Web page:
Editing One Keyframe at a Time

The frame-by-frame technique is simple. You just put a keyframe on each frame. An entirely different image appears on each frame—sometimes drastically different, sometimes only slightly different. The beauty is that you can put anything you want in one keyframe, because it doesn't matter what's in the other keyframes.

Although frame-by-frame animation is a simple concept, it can be a lot of work. Imagine conventional animation in which an artist must draw each frame even when only a slight change is necessary. It's detailed, meticulous work and, unfortunately, not really any easier in Flash, though you have functions such as Undo that help. Just realize that this technique is for situations that require it—something with lots of details such as an animation of someone walking. No other technique gives you this level of control to change each frame.

Changing Frame View

Just because frame-by-frame animation is a lot of work doesn't mean you can't use a little help. One way to make the process a little easier is by changing the Frame View setting. In Figure 7.3 you can see the Frame View pop-up menu. If you select Preview, each keyframe in the Timeline will be displayed as it appears onstage. Figure 7.4 shows the stick man animation with Frame View set to Preview. Preview lets you see all the frames of your animation without actually stepping through them. The Preview in Context setting draws the preview in the correct proportions (including blank whitespace), so the stick man would likely appear smaller.

Figure 7.3 The Frame View pop-up menu is available to change the size and character of the Timeline. You can make each frame larger or include a visual preview of the contents onstage in each frame.

Figure 7.4 The stick man animation is shown with Frame View set to Preview. An image of the onscreen contents appears in each frame of the Timeline.

The Frame View settings don't actually affect your animation. For example, if you set Frame View to Large, it just makes your Timeline take up more space within Flash—the user will never notice the difference. Also, you can change Frame View any time and change it back without changing your file.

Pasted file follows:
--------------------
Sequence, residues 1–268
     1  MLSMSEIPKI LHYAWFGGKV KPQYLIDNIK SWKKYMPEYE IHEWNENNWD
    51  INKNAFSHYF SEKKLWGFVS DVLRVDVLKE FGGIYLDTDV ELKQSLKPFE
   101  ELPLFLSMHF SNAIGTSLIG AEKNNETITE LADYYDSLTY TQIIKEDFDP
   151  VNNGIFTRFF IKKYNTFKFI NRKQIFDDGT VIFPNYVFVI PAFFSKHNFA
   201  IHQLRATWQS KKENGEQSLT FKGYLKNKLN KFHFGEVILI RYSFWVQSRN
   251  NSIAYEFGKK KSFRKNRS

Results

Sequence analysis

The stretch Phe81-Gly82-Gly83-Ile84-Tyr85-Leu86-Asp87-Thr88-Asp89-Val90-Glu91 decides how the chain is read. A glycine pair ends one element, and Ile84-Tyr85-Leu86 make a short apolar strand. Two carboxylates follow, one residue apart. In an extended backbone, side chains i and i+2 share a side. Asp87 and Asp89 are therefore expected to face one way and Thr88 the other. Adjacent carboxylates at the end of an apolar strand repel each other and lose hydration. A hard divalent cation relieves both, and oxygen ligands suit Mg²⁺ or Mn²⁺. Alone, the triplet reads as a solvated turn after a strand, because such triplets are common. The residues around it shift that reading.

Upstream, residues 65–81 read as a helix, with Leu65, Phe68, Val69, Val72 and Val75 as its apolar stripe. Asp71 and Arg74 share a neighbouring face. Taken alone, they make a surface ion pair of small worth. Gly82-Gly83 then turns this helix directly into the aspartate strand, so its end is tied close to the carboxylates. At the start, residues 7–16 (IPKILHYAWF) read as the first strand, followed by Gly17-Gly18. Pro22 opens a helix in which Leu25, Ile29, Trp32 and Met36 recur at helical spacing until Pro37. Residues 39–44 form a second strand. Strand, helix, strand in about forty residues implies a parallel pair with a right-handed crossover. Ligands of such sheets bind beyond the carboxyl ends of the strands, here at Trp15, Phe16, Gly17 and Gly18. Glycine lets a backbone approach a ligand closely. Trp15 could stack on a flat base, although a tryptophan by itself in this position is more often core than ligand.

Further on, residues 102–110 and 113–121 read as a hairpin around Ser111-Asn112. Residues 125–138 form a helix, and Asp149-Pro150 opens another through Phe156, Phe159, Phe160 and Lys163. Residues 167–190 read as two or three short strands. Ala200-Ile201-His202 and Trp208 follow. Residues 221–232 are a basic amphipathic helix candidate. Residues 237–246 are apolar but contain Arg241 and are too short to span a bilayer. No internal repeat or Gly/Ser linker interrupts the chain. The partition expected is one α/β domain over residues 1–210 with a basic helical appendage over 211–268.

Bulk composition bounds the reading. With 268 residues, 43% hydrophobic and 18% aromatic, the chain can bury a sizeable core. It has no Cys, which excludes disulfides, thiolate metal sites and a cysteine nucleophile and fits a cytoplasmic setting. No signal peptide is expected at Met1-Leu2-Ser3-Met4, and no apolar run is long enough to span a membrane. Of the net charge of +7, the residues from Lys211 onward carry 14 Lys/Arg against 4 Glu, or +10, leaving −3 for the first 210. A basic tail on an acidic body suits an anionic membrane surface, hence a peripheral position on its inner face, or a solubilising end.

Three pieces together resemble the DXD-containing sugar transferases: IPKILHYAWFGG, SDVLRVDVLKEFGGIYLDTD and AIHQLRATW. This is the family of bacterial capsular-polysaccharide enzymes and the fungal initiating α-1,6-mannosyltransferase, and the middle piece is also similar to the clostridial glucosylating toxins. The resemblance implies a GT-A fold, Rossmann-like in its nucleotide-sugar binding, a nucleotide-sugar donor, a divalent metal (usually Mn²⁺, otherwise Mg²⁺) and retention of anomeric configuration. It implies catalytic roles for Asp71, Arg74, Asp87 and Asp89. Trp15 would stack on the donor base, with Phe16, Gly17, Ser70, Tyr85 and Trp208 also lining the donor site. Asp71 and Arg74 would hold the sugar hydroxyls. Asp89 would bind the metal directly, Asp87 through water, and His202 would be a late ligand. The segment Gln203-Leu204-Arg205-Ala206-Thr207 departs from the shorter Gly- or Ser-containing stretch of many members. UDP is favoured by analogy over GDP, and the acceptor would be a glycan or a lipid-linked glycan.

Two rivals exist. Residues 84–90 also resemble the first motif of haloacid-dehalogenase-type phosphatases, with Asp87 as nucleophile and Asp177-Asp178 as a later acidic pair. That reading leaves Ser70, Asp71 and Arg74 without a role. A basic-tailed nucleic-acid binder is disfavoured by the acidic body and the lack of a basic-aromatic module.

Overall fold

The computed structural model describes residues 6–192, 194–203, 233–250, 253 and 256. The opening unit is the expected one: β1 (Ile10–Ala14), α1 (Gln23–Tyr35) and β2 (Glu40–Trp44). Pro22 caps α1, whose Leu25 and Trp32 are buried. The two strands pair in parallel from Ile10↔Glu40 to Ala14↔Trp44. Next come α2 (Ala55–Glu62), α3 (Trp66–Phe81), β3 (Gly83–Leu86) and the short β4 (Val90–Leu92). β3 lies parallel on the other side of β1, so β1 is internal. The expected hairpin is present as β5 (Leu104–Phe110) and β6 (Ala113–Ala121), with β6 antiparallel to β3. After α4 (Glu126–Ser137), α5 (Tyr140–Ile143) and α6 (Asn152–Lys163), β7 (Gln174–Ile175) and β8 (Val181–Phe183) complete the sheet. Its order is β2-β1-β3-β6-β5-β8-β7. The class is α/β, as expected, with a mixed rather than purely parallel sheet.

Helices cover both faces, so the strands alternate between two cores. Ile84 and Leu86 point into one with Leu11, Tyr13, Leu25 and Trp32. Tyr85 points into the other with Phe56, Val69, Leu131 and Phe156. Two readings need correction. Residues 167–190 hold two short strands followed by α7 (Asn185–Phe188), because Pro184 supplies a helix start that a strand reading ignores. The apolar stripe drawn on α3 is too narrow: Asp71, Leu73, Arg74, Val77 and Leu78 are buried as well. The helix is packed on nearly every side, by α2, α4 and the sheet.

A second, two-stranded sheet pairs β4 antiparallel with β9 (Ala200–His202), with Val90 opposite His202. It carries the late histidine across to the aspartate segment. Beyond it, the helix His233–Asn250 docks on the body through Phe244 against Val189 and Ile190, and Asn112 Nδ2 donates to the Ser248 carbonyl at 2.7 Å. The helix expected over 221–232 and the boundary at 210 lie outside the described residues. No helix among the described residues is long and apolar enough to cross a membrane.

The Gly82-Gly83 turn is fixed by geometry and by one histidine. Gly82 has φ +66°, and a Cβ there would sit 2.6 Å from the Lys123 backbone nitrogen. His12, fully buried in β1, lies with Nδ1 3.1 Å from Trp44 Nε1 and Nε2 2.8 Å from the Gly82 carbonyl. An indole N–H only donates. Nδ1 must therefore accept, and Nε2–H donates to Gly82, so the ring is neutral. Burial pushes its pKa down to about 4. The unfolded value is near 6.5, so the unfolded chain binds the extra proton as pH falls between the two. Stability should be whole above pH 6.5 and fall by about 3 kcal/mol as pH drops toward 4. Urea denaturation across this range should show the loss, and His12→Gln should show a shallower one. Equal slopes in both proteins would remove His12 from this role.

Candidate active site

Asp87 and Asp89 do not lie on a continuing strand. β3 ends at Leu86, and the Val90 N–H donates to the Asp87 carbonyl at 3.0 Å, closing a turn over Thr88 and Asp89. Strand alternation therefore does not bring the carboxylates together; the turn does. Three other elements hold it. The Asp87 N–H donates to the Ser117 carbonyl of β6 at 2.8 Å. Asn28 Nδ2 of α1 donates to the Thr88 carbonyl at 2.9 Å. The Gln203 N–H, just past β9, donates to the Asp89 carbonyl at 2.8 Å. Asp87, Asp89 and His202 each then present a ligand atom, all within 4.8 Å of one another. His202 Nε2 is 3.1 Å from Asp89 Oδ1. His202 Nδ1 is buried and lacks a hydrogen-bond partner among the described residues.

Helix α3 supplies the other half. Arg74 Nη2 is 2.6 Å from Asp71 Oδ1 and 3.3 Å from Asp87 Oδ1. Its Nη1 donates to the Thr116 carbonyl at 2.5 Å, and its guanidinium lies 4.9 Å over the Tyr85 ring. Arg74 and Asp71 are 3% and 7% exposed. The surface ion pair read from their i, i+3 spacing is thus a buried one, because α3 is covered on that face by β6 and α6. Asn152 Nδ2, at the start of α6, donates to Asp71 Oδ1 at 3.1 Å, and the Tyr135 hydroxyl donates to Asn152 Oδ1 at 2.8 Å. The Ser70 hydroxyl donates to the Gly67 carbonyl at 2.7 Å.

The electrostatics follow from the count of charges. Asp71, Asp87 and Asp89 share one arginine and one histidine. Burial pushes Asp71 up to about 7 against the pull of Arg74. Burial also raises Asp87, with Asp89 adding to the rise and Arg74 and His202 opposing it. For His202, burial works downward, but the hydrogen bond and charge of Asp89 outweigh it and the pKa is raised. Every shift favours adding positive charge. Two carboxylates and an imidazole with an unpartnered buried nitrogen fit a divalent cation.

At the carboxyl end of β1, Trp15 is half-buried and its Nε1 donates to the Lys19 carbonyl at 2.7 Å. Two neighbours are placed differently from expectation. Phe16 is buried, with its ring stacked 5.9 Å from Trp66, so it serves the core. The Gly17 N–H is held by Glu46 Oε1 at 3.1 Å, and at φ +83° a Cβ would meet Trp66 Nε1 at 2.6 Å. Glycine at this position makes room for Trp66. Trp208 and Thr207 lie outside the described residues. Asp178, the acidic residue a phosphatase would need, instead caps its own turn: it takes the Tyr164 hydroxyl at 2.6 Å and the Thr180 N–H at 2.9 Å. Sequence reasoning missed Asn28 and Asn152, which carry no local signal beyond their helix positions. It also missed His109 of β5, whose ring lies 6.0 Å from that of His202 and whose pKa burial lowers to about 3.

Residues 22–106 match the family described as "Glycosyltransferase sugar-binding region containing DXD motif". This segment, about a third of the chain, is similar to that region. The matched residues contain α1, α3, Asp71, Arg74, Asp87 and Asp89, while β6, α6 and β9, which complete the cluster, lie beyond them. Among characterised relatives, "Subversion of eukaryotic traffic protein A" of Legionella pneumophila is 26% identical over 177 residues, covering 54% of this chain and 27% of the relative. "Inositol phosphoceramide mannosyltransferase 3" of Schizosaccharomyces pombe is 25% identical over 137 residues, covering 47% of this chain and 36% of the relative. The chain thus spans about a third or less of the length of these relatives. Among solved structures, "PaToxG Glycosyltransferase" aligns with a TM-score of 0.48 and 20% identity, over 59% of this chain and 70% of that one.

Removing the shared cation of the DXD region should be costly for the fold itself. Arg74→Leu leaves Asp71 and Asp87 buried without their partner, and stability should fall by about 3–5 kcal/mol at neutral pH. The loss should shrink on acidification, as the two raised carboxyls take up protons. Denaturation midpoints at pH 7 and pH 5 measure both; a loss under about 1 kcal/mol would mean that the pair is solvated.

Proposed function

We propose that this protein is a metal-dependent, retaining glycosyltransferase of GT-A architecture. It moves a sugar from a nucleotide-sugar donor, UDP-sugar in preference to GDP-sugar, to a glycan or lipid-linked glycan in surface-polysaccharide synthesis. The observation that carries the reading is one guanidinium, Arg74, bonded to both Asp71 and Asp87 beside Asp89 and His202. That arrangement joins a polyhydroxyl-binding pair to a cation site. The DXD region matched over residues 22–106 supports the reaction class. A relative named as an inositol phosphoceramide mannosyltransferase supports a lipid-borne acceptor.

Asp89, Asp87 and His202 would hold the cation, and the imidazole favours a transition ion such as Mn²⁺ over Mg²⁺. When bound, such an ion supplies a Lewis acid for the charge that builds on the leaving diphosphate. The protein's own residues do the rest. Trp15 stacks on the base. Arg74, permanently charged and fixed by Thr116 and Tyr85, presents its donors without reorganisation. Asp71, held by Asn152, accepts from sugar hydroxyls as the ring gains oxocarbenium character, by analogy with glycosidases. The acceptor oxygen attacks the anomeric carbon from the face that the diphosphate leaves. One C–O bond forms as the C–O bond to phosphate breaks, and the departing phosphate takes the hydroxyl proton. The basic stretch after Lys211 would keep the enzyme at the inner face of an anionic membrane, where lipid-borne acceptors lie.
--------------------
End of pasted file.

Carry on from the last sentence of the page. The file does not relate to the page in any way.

Using the Onion Skin Tools

Probably the greatest helpers for frame-by-frame animations are Flash's Onion Skin tools. The original onion skin technique was developed for conventional animation. When an artist draws each frame by hand, he needs a way to judge how much change in the image is necessary from one frame to the next. He draws a frame on tracing paper (with the translucency of onion skin) that is placed on top of the previous frame. That way, he can see through to the previous frame and draw the next image accordingly.

In Flash, the effect is the same, but of course you don't use real onion skin. Flash's Onion Skin feature allows you to edit one keyframe while viewing as many frames before or after the current frame as you want.

Open the stick man animation file and click the leftmost Onion Skin button at the bottom of the Timeline (see Figure 7.5). Select Large by clicking the Frame View pop-up that is just right of your Timeline's frame numbers. With Onion Skin turned on, you can place the red current frame marker on any frame you want and edit that frame, and you'll see a dim view of the other frames in your animation. Which frames appear depends on where you position the Start Onion Skin and End Onion Skin markers. These markers can be difficult to grab when you try to move them—I often find myself accidentally grabbing the current frame marker. It's easier to grab the markers when the Frame View is set to Large.

Figure 7.5 Onion Skin is turned on (the leftmost button), and we can see the contents of adjacent frames.

You would probably turn on Onion Skin while creating an animation (instead of after it's done). To practice, let's try the stick man animation again—this time with the help of Onion Skin.